Insider Threats and How They Can Be Mitigated

Any employee with access to sensitive data is a potential threat, whether they know it or not. Even if they don't have malicious intentions, the inherent nature of their privilege is what makes them so dangerous.

By Grant Hatchimonji
Tue, October 15, 2013

CSO — Any employee with access to sensitive data is a potential threat, whether they know it or not. Even if they don't have malicious intentions, the inherent nature of their privilege is what makes them so dangerous.

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Vormetric recently published its 2013 Insider Threat Report exploring the very nature of these dangers while also tallying the results of a survey it conducted over two weeks in August of this year. The numbers, which were tabulated in September, indicated the responses from 707 IT professionals to questions regarding insider threats and they choose to combat them. Needless to say, the pervasive theme of the survey results was that insider threats are a very serious concern to just about everyone.

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The respondents were likely fearful, at least in part, due to what they had been hearing about in headline news about data breaches and insider threats, said Vormetric CEO Alan Kessler. He pointed to recent examples in Bradley Manning and Edward Snowden, adding that many businesses are beginning to see these problems themselves.

Vormetric CSO, Sol Cates, meanwhile, said that enterprises are concerned about insider threats because they are realizing that beyond an employee going rogue -- as was the case with Manning and Snowden -- there is the idea of privileged users whose identities are being compromised.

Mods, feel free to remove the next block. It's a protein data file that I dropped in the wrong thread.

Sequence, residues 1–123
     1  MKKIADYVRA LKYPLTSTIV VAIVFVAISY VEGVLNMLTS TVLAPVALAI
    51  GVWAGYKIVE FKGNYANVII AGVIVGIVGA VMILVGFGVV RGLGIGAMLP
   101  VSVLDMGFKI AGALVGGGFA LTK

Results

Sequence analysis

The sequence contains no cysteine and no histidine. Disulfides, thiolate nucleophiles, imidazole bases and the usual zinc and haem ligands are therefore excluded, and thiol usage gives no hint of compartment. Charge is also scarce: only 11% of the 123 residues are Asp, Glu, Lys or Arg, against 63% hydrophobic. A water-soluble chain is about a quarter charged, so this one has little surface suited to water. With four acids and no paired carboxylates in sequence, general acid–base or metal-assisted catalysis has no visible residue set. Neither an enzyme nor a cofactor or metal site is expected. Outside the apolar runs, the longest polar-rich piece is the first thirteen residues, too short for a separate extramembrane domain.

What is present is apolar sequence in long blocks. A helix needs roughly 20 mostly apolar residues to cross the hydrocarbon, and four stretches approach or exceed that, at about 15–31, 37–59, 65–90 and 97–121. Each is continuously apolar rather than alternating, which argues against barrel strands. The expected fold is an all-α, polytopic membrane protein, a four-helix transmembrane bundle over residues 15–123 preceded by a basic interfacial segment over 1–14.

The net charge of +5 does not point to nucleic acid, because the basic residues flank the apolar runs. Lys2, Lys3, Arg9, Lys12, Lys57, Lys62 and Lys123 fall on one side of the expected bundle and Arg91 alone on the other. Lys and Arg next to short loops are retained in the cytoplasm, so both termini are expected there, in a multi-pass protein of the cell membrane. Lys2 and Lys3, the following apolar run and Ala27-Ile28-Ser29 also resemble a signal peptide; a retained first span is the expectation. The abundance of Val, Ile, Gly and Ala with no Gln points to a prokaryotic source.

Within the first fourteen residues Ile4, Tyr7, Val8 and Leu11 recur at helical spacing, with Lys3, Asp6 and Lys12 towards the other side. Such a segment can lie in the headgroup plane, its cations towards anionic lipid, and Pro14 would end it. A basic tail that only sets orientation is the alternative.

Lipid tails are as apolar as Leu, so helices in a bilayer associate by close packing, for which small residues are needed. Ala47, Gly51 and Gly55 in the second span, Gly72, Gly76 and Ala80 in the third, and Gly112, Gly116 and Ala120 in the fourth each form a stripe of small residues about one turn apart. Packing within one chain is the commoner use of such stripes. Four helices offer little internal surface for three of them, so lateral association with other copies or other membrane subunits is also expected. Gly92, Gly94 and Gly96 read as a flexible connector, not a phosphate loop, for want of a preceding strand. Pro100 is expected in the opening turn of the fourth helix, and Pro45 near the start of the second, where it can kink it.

"That's becoming another concern," said Cates, "this idea of unchecked privilege that these companies don't have enough controls around."

The report also indicated what specific types of insiders the respondents perceived to be the biggest threats, with non-technical employees with legitimate access to sensitive data accounting for 51 percent of the vote. Though it may not necessarily seem obvious at first, there are scores of employees that fit the description in question, including employees in HR, who often find themselves needing to interact with personally identifiable information (PII).

"The question is, do you have proper control over how they interact with this information?" asked Kessler. "But the technical aspect of controlling this kind of access is very hard, especially if you're trying to retrofit older systems."

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Cates added that executives also fit the bill here, as their jobs are not technical in nature, but they often need access to sensitive information in order to do their job.

"That's the whole point of data and information, to make it usable." said Cates. He did, however, have one suggestion for mitigating such a threat.

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Originally published on www.csoonline.com. Click here to read the original story.
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